The gold standard treatment we have for OCD (and OC spectrum disorders) is a kind of cognitive behavioral therapy called “exposure with response prevention,” where essentially we help children overcome their fears by having them face their fears directly head-on. Anxiety disorders, in general, are maintained through avoidance. So if someone’s afraid of something or it causes them anxiety, they’re going to want to avoid it. And avoiding it temporarily eases their anxiety or prevents their anxiety from coming, but it actually builds and maintains their anxiety over time.

So exposure with response prevention says instead of avoiding the situation, since that’s making you worse over the long run, what you should do is face your fear in the moments, in a very structured and systematic way. In the process children with OCD find that they get used to the anxiety and it actually fades.

Dr. Jerry Bubrick explains why exposure with response prevention works.

Getting used to anxiety triggers

Exposure with response prevention (which is also sometimes called exposure therapy) works through a phenomenon called “habituation,” where your body basically adapts to whatever it is that it was fearing or it was having a hard time adjusting to. We see the same thing with all the different senses. For example, on a hot day if you jump into a cold pool, your body will feel the temperature of the water. But if you stay in the water, over time, eventually your body gets used to it. The temperature stayed the same, but your body adapted.

The same thing happens with OCD. When we systematically and slowly introduce kids to the things that they’re afraid of, they feel the anxiety, but then they learn how to get used to it, they learn how to adapt without resorting to compulsions, and it doesn’t bother them anymore.

How does exposure therapy work?

The first step is identifying triggers. We design a “hierarchy of fears” — a series of incremental challenges, each of which is tolerable, and which together build to significant progress. Instead of thinking in black and white terms — I can’t touch something dirty — kids are asked to consider degrees of difficulty. We might ask a child with contamination fears, for example, “On a scale of 1 to 10, how difficult would it be to touch the door handle with one finger? To touch and open the door?” By rating these different fears, kids come to see that some are less extreme, and more manageable, than they had thought.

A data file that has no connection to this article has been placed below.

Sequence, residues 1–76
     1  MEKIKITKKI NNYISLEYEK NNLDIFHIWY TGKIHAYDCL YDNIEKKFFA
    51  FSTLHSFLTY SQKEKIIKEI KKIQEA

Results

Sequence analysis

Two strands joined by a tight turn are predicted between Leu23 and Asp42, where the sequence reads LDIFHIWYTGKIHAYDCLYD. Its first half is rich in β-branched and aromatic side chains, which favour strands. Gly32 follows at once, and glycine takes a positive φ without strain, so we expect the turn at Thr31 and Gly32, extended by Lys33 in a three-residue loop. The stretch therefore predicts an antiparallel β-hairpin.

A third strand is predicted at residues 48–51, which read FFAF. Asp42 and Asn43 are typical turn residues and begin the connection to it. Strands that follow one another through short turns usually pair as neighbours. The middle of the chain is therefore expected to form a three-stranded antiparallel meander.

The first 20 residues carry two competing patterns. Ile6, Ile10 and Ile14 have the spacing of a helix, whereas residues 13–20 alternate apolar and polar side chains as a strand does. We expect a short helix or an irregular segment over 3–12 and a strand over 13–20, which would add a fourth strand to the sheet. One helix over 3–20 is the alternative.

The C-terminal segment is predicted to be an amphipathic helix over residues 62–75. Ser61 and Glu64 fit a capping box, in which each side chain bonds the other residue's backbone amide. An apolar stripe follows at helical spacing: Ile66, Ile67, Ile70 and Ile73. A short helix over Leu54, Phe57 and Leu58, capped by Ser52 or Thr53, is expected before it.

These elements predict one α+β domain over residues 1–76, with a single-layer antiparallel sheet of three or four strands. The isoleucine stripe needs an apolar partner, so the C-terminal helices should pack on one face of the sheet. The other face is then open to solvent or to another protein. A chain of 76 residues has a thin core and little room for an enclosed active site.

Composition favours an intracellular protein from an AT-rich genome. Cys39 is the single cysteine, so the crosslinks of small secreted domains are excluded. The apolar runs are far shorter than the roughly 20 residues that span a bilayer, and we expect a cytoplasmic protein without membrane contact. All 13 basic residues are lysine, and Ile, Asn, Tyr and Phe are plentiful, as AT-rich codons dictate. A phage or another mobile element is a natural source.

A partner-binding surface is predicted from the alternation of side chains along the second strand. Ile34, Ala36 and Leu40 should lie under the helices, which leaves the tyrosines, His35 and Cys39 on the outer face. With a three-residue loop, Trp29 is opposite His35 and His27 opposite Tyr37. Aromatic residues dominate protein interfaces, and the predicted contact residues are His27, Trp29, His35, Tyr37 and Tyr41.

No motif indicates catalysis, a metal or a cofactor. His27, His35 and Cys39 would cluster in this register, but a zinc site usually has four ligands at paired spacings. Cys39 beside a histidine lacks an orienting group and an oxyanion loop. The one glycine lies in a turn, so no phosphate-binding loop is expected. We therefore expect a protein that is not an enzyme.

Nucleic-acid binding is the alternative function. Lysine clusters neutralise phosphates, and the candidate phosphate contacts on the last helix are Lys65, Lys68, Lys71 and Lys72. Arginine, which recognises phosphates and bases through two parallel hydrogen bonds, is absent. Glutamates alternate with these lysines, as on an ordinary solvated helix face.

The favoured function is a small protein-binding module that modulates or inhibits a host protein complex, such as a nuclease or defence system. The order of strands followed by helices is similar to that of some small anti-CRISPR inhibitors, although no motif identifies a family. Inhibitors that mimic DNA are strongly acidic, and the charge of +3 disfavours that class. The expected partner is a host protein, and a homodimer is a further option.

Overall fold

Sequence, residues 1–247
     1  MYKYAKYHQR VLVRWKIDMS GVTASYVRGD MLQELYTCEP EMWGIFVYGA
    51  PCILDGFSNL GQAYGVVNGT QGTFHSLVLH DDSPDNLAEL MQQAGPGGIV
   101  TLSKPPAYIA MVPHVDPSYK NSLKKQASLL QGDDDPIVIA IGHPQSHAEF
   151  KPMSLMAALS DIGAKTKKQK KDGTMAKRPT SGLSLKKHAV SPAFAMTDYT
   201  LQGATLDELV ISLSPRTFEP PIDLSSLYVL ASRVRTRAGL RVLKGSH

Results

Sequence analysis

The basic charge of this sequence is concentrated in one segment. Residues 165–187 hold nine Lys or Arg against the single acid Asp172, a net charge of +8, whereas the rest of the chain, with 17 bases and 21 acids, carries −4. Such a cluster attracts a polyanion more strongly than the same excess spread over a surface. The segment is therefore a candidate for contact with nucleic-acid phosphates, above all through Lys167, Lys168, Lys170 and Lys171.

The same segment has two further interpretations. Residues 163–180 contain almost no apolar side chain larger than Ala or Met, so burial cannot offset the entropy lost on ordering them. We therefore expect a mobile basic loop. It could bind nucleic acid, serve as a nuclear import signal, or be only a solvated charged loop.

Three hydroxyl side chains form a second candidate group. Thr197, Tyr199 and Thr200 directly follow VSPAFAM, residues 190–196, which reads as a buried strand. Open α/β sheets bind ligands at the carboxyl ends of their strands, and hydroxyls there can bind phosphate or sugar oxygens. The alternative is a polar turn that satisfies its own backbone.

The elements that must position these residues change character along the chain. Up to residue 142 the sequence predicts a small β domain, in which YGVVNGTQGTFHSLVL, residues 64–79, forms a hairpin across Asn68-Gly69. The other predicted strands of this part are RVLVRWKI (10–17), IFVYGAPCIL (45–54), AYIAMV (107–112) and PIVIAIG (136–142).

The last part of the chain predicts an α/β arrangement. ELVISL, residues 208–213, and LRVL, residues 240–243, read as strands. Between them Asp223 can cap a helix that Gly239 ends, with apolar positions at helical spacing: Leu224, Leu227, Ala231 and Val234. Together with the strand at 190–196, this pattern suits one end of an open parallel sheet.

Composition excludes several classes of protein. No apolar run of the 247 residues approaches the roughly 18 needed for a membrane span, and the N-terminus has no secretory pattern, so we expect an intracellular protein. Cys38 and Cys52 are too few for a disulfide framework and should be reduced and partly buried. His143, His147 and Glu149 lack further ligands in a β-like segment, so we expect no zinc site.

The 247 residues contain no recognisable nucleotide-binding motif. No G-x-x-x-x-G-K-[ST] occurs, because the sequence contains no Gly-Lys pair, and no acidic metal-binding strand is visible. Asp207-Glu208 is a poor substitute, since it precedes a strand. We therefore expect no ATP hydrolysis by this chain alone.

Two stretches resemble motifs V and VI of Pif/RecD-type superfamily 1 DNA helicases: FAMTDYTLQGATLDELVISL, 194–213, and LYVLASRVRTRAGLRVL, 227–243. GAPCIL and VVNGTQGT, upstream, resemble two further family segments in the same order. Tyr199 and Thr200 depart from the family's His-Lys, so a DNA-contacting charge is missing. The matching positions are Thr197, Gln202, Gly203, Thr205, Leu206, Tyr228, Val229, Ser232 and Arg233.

Next, we expose the child to the trigger in its mildest possible form. For a child with a germ obsession, they might start with a low-level trigger, such as touching clean towels, and build to more difficult triggers, such as holding something from the trash. This allows them to experience anxiety and distress without resorting to compulsions, with the support of the therapist. Through facing their triggers children learn to tolerate their anxiety and, over time, they discover that their anxiety has actually decreased.

Treatment for severe OCD

While the primary treatment for OCD is exposure therapy, children with more severe cases are often also treated with medication. A class of antidepressant medication called SSRIs, or selective serotonin reuptake inhibitors, can be used to help reduce a child’s anxiety. This can help the child to be more responsive to therapy.

Some children may also need more intensive treatment. Weekly or even twice-weekly therapy sessions might not be effective enough. Intensive OCD treatment programs allow children to be seen several times a week, compressing treatment and helping children make more gains faster. These programs can have a transformative effect on children struggling with severe OCD, and can many times prevent hospitalization.

Read an interview with Dr. Bubrick for more on what therapy looks like for kids with OCD.